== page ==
These Guiding Principles of Consultation, Talking Circles Steps for Taking Unified Action and a Non-Political Process for Electing Community Leadership are increasingly being utilized, in various, related forms, in Indigenous and other communities of the Human Family in more than 10,000 locations and 182 Nations, Territories and Islands around Mother Earth. There are many other dedicated, principle-centered movements that are currently unfolding a new, sustainable, harmonious, peaceful Global Civilization. We can learn from all!

Principles of Consultation

1. Respect each participant and appreciate each other’s diversity. This is the prime requisite for consultation.


2. Value and consider all contributions. Belittle no one. Withhold evaluation until sufficient information has been gathered.


3. Contribute and express opinions with complete freedom.


4. Carefully consider the views of others — if a valid point of view has been offered, accept it as your own.


5. Keep to the mission at hand. Extraneous conversation may be important to team building, but it is not consultation, which is solution driven.


6. Share in the group’s unified purpose — desire for success of the mission.


7. Expect the truth to emerge from the clash of differing opinions. Optimum solutions emerge from diversity of opinion.


8. Once stated, let go of opinions. Don’t try to ‘‘defend’’ your position, but, rather let it go. Ownership causes disharmony among the team and almost always gets in the way of finding the truth.


9. Contribute to maintaining a friendly atmosphere by speaking with courtesy, dignity, care, and moderation. This will promote unity and openness.


10. Seek consensus. But if consensus is impossible, let the majority rule. Remember, though, that decisions, once made, become the decision of every participant. After the group has decided, dissenting opinions are destructive to the success of the mission. When decisions are undertaken with total group support, wrong decisions can be more fully observed and corrected.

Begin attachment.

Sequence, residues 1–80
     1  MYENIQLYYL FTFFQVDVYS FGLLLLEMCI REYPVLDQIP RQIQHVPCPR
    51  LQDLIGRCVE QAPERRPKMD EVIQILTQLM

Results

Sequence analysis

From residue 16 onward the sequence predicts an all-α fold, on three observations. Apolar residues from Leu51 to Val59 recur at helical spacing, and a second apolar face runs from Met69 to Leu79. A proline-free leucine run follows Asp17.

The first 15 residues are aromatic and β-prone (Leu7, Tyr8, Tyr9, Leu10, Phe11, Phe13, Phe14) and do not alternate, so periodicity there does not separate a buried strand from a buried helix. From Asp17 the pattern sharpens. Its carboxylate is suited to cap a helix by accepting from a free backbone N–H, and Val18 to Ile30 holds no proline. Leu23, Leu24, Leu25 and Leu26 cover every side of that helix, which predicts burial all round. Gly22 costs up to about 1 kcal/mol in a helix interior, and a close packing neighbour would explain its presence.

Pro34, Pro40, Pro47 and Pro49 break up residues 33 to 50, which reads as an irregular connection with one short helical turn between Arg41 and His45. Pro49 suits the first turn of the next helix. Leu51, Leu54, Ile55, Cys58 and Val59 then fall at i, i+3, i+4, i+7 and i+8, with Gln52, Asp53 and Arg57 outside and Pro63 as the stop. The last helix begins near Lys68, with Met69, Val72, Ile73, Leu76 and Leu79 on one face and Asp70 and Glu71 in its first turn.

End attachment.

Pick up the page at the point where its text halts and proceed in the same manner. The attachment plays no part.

Guidelines for Talking, Healing, and Sharing Circles

Talking, sharing and healing circles are useful when the topic under consideration has no right or wrong answer, or when people need to share feelings.  Moral or ethical issues can often be dealt with in this way without offending anyone.  The purpose of talking circles is to create a safe environment for people to share their point of view and experiences with others.  This process helps people gain a sense of trust in each other.  They come to believe that what they say will be listened to and accepted without criticism.  They also gain an appreciation for points of view other than their own.  During the circle time, people are free to respond however they want as long as they follow these guidelines.

  • All comments should be addressed directly to the question or issue, not to comments that another participant has made.  Both negative and positive comments about what anyone else in the circle says should be avoided.  Just say what you want to say in a positive manner.  Speak from the heart.
  • Only one person speaks at a time.  Everyone else should be listening in a non-judgmental way to what the speaker is saying.  Some groups find it useful to signify in some way who has the floor.  Going around the circle systematically is one way to achieve this.  Another is to use some object (such as a stone or stick) which the person who is speaking holds and then passes to the next person who has indicated a desire to speak.
  • Silence is an acceptable response.  No one should be pressured at any time to contribute if they feel reticent to do so.  There must be no negative consequences, however subtle, for saying “I pass.”